One more thing, first-time director Benh Zeitlin's direction is brilliant, though elongated at a few points. His ability to tell the story effectively basically nullifies every issue with his pacing. Many films with child protagonists are hard to follow because the director fails to effectively engulf the viewer in the child's point of view. Therefore, the following "childish" plot action is seen as confusing or stupid or both. Zeitlin and his amazingly competent crew completely succeed at bringing the viewer in the mind of Hushpuppy. We see her father like she sees her father. We see Miss Bathsheeba like she sees Miss Bathsheeba. The sharply divided opinions about the shaky camera- work are unnecessary. The camera work is shaky, but so it the mind of a child. Their minds are constantly flitting back and forth between one thing and the next, they're swaying to and fro, like the camera. Just another way to interpret the inventive camera work is this: Hushpuppy is trying to find her place in the world just like she is trying to find her place in the camera view.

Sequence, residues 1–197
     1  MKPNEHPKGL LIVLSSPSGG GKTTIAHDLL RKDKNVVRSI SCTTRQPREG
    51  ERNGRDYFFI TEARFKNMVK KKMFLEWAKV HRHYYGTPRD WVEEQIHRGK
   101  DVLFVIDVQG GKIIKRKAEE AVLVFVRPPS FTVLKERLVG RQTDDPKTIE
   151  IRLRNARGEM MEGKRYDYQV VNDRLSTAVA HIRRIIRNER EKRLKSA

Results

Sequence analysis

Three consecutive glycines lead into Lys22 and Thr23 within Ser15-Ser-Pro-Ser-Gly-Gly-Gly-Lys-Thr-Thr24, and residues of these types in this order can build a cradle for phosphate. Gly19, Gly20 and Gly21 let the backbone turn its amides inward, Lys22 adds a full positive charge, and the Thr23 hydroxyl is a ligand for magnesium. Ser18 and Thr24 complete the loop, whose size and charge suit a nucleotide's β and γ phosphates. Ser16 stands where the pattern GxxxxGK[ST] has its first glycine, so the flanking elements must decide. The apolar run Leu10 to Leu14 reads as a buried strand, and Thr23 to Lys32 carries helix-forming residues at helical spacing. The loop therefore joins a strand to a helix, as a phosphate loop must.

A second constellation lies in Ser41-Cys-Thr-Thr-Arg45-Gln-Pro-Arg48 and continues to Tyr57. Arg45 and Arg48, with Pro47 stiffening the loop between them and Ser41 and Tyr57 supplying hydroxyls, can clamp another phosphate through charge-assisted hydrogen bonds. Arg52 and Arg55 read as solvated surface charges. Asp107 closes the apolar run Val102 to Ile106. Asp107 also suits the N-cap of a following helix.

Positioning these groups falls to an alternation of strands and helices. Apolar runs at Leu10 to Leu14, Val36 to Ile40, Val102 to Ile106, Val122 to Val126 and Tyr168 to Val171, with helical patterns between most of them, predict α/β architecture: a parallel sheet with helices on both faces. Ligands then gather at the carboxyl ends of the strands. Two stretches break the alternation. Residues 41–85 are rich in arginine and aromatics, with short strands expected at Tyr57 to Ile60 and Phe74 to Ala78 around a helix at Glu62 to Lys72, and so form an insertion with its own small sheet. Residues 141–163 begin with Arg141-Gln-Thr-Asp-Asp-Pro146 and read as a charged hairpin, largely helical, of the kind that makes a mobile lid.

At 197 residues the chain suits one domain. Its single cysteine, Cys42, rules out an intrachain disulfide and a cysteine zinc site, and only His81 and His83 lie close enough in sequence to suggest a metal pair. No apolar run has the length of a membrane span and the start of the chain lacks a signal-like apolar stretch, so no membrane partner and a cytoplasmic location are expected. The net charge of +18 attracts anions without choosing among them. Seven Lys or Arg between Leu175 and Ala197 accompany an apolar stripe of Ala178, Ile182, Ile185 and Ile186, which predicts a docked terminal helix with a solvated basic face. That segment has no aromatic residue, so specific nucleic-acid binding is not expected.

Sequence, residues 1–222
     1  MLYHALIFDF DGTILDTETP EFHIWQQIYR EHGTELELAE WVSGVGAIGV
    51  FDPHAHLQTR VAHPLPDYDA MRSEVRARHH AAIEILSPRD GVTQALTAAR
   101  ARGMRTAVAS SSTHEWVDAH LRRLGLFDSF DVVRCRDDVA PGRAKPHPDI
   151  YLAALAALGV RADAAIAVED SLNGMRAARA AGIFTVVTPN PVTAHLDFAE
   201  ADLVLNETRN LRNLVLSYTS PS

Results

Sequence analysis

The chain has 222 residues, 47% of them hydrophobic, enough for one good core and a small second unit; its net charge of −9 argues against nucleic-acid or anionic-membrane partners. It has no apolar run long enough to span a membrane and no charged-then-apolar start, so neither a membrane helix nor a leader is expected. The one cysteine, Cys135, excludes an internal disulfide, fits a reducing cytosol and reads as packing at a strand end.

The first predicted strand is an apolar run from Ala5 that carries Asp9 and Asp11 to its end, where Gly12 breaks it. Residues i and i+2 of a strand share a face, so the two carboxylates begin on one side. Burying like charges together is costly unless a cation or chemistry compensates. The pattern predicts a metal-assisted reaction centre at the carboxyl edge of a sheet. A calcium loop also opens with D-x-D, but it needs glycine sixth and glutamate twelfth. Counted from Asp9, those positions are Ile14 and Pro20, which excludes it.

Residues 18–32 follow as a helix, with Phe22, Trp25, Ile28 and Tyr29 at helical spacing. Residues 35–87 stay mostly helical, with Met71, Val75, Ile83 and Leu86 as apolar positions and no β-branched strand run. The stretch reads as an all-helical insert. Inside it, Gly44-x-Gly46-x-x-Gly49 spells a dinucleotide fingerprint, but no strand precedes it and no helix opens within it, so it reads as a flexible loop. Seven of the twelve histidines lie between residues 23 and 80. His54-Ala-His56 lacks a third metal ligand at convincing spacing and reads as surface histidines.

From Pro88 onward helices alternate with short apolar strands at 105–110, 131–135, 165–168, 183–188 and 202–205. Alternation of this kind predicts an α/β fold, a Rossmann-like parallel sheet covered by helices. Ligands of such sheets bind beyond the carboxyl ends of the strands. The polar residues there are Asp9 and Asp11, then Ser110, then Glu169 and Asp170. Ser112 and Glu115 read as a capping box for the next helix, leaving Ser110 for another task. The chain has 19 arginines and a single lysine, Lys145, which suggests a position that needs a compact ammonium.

In closing, Benh Zeitlin, please work your magic many times again, preferably sometime soon. This is the best film of the year thus far, and I will be hard pressed to keep my mind open enough to find a film that I think is better than this come September, October, November, and December Oscar season.